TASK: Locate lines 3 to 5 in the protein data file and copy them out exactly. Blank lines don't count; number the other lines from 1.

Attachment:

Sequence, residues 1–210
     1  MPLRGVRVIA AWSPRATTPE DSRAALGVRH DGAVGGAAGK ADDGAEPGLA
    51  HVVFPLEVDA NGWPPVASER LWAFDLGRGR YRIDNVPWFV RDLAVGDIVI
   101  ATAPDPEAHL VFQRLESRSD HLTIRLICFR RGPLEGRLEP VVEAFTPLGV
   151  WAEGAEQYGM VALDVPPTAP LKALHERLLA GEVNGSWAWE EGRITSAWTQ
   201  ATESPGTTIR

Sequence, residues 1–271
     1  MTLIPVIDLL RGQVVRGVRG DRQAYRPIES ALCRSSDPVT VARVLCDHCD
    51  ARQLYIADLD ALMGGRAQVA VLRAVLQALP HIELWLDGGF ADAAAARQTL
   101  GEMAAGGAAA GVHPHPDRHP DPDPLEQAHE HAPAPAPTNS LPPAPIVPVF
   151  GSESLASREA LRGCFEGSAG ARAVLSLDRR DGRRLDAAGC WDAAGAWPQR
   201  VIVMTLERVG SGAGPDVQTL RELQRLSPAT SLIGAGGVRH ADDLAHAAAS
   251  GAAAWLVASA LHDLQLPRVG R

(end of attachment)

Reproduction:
    51  HVVFPLEVDA NGWPPVASER LWAFDLGRGR YRIDNVPWFV RDLAVGDIVI
   101  ATAPDPEAHL VFQRLESRSD HLTIRLICFR RGPLEGRLEP VVEAFTPLGV
   151  WAEGAEQYGM VALDVPPTAP LKALHERLLA GEVNGSWAWE EGRITSAWTQ